"Don't you think I've heard the talk? Nobody's going to tell me who to love." - Freedy Johnston
When Will Doig told us, "It's time to love the bus" last month, he was repeating a mantra that I've heard over and over from other proponents. Kate Slevin, Joan Byron, Aaron Naparstek, Walter Hook - the message is always the same: buses are just as good as trains but cheaper, we can't afford trains, so you should love the bus.
You know what I've never heard any of them say? "I love the bus." They may get excited about a snazzy bus system in some faraway country where they'll never live, but not about buses that are here and now. They never say, "If we had this kind of bus, it would make my commute so much easier." It's never about them, it's about you.
Contrast this with a train advocate like Ben Kabak or Alon Levy, or a bicycle advocate like Doug Gordon or Clarence Eckerson. When they talk about trains or bikes, it may be about you, but it's also about them. You get the feeling that Ben would take an apartment off Second Avenue when the subway opens, and that Doug cares about bike lanes in Brooklyn because he can imagine himself riding on any of them.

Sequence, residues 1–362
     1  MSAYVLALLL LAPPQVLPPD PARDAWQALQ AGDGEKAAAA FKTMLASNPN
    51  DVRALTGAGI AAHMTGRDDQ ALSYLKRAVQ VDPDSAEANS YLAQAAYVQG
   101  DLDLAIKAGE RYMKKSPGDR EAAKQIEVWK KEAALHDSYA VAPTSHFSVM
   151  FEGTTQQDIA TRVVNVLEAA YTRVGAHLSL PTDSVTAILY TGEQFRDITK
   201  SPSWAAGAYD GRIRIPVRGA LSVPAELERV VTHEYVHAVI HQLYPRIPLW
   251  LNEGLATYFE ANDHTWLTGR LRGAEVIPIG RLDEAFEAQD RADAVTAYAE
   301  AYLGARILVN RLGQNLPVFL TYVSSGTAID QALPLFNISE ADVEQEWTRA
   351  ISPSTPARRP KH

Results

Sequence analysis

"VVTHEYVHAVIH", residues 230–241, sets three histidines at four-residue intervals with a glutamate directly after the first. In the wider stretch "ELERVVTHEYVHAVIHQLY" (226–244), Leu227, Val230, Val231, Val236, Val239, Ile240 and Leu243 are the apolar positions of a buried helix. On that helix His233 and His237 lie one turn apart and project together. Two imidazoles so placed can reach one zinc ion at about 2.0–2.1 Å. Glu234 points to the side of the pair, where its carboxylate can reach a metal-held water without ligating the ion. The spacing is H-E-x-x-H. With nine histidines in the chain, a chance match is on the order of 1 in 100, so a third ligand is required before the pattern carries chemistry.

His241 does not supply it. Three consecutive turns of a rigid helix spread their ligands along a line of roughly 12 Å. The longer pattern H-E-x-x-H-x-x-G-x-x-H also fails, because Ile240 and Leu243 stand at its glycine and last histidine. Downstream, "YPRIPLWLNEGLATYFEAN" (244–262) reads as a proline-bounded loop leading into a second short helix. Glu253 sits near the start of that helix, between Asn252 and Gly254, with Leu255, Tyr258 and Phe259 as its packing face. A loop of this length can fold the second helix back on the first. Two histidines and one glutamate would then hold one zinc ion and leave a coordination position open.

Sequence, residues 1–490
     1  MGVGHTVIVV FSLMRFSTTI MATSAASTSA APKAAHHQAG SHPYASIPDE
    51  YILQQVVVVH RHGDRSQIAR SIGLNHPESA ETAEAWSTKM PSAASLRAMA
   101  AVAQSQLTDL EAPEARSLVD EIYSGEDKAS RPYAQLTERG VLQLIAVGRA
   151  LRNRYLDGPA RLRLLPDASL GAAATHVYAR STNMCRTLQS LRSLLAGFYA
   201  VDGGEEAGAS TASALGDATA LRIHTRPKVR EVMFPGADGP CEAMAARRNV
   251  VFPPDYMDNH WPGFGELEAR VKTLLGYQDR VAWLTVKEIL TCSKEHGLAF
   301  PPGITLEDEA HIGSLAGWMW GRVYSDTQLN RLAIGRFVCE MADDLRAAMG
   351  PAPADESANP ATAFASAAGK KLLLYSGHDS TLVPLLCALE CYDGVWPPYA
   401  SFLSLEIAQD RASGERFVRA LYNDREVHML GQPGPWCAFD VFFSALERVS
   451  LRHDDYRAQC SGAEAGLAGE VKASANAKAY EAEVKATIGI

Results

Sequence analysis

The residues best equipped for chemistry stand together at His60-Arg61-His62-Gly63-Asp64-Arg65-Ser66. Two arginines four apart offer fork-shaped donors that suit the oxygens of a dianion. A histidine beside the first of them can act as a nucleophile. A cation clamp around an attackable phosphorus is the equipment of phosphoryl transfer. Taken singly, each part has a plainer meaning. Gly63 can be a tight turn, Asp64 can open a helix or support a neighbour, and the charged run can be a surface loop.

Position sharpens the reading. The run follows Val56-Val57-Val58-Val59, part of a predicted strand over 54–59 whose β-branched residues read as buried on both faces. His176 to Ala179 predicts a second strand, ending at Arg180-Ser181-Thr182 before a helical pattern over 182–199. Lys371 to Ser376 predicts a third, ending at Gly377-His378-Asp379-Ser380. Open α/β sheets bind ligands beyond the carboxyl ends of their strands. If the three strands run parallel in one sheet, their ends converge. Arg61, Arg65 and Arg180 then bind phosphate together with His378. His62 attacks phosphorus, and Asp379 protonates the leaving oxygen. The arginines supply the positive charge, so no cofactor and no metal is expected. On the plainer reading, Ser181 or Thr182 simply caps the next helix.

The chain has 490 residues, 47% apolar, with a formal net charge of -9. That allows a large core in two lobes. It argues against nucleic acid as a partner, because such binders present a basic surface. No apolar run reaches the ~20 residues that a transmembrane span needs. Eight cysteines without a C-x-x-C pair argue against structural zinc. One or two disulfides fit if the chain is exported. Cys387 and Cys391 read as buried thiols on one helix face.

I don't know how Doig or Slevin or Byron or Hook get around. In New York I'm guessing it's not by bus, or else they'd be late to every meeting. I know that Aaron likes to ride bikes: I've seen his Dutch cargo bike in person and in photos.
To be fair, journalists, advocates and consultants aren't supposed to be thinking about themselves all the time. But you'd think they'd be able to find one person who loves buses, and prefers them to subways, for themself. If they can't, how can they ask us to do it?
To anyone I called out here, or to anyone who advocates buses instead of trains, you're welcome to prove me wrong. Is there a bus you love? What is it, and why? How often do you take it? Would you complain if someone replaced it with a train that was at least as fast?